In 360 Degrees of Influence, Monarth provides everything you need to gain the trust and respect of those around you — no matter where they’re positioned in the organizational hierarchy — and expand your influence well beyond your immediate environment. Become the most psychologically astute person in the room — so you can be the most influential leader in the room. Learn how to:

  • Assess your current influencing power
  • Overcome resistance to your ideas and proposals
  • Know what people are thinking and feeling — even better than they do
  • Avoid the most common decision-making pitfalls
  • Create an influence strategy tailored to your organization’s hierarchy

March 22 is the launch for If I’m So Smart, Why Can’t I Get Rid of This Clutter? Tools to Get it Done! by Sallie Felton

Are you conquering your clutter — or is your clutter conquering you? Author and life coach Sallie Felton, walks you through the practical and organizational strategies that make it easy to stay organized; but this book goes deeper and uncovers the hidden reasons why it can be so hard to get clutter free and stay that way.

Another Recommended Book: Writing to Make a Difference: 25 Powerful Techniques to Boost Your Community Impact, by Dalya F. Massachi
If you want to communicate clearly, you have to write clearly. If you want to write clearly, you want this book.

While her focus is tilted toward grassroots and nonprofit/not-for-profit community organizations, about 98 percent of her advice is equally applicable to business — especially green, socially conscious, ethical businesses that need to communicate a bigger message than “buy my stuff.”

Massachi has a light touch that turns a could-have-been-deadly subject into an enjoyable read, and the textbook-like format is full of exercises, nice little interjections, personal experience, and such. Which makes it a lot more palatable than the grammar and style textbooks of my youth. I’d even go so far as to say that this is a book that I’d have liked to have written, and certainly one I wish I’d had when I was starting my career as a social-change and environmental action writer.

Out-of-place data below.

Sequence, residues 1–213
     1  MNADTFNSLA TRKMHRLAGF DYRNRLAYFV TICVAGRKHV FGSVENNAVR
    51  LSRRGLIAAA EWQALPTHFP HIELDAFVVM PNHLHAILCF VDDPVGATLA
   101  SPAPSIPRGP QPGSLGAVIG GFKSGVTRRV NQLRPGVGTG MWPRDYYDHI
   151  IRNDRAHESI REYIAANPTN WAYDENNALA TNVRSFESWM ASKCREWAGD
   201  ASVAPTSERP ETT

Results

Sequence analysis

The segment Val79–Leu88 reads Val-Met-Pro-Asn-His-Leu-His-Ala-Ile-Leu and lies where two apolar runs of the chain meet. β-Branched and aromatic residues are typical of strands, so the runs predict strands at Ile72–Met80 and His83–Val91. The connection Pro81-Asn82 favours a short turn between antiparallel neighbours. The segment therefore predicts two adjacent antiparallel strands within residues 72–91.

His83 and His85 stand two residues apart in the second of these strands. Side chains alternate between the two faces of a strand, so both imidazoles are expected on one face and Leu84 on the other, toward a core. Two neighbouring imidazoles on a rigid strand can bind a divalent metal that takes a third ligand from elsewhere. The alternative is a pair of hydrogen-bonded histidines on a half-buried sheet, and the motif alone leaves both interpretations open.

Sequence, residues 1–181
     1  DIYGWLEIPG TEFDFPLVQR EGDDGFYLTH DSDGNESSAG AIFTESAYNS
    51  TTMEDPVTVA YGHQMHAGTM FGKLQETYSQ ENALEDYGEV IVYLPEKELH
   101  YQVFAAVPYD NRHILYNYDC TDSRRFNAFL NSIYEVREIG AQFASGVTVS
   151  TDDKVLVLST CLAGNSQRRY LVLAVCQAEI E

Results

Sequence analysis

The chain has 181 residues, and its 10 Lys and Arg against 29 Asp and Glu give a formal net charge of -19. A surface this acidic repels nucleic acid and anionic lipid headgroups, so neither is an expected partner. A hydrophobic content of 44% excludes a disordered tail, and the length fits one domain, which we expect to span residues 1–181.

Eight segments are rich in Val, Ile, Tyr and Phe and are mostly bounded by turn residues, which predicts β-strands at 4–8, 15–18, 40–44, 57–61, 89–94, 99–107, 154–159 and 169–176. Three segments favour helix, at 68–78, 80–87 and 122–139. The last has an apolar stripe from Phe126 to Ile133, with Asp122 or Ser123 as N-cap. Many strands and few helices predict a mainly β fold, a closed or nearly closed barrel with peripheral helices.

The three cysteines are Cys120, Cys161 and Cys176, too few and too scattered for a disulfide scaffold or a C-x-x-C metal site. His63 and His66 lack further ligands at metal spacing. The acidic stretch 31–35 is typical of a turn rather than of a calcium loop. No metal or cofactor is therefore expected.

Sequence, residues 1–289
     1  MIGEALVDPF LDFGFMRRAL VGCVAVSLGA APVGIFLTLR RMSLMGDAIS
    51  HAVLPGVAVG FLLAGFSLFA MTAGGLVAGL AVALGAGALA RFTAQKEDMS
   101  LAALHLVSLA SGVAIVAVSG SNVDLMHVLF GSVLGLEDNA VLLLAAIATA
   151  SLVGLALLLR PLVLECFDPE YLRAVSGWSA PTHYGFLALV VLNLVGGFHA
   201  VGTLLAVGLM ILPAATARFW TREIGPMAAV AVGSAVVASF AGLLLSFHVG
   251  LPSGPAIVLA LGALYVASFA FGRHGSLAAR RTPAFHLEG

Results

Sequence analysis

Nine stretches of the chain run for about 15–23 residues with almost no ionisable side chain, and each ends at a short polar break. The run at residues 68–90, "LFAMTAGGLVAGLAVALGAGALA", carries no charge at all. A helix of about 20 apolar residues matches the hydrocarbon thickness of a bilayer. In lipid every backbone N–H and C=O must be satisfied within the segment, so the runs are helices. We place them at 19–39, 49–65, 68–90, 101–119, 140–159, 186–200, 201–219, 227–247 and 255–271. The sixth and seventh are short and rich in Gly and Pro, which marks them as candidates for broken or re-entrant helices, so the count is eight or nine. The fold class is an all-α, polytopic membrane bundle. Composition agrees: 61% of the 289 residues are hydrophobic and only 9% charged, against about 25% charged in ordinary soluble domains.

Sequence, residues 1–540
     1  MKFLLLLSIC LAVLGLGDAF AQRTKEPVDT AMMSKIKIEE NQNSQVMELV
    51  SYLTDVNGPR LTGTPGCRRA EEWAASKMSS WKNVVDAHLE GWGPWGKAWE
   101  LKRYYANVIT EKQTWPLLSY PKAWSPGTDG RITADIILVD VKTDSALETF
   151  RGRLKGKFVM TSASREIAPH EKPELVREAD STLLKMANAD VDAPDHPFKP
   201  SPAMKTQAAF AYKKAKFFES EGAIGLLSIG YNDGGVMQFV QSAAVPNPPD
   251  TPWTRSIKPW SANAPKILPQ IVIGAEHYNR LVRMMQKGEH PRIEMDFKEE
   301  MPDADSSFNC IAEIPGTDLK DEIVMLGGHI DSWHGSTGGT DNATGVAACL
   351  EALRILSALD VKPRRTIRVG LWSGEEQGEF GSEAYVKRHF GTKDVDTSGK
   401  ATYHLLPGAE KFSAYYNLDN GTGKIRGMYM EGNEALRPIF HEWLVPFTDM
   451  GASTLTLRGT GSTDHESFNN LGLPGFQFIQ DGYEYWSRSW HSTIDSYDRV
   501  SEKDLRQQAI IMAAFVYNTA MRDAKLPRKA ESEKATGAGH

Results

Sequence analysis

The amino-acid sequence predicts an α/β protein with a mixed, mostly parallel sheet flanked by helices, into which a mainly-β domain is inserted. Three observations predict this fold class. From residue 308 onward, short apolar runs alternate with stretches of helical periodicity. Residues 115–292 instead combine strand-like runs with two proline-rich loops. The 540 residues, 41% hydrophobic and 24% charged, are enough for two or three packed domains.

Still, I wanted to take it a little at a time, so I could absorb it properly. Now that I’ve gotten all the way through, I’m sure I’ll be referring to it when I hit a grammar snag.

Not to say the book is perfect. Some of the later chapters get a bit bogged down in grammatical minutiae, and there are a few places where I would argue with her style choices. Example: call me old-fashioned, but to me, the only time you’d use an apostrophe after a set of initials is as a possessive: “NGO’s” can *only* mean “belonging to an NGO” [Non-Governmental Organization]. But to Dalya, a generation younger than me, using that construction as a plural noun is a valid if unfortunate choice.

Be sure to read the appendices; otherwise, you’ll miss the excellent brief sections on writing for audio and video, as well as a wonderful list of “visionary” trigger words (right after a list of marketing trigger words) — these are the words that tug at our readers’ heartstrings and help us frame the narrative. And that’s something that far too often, progressives have been clumsy with.

A must for the shelf of any serious business or nonprofit writer, and even more so for employees or managers who are not writers but get thrown a writing project (if they don’t want to contact someone like Dalya or me to do it for them). Nicely indexed and crammed with resources, too.

GlobalNet21: Community Building Webinars & Future Programme

We have two webinars coming up that are about regeneration and community building and you are invited to join them.

The first one is on Monday Jan 30th and is called Civil Society Beyond The Radar and you can register at

Civil Society is much more than what we call the voluntary sector or non-government organistions. It is the many thousands of community associations across the country that engage in a variety of different activities. This webinar is about the hundreds of thousands of community associations that make up civil society and often go unnoticed. How important are they, how can their autonomy be maintained and indeed how essential is that. We will also look at the impact of current policy/recession/deficit reduction on small community groups and also how the Big Society agenda could make that “social glue” come unstuck if it is handled in a too prescriptive way.

The Second Webinar is on Wednesday February 8th and is about Rebuilding Lives in the 21st Century.  You can register for that at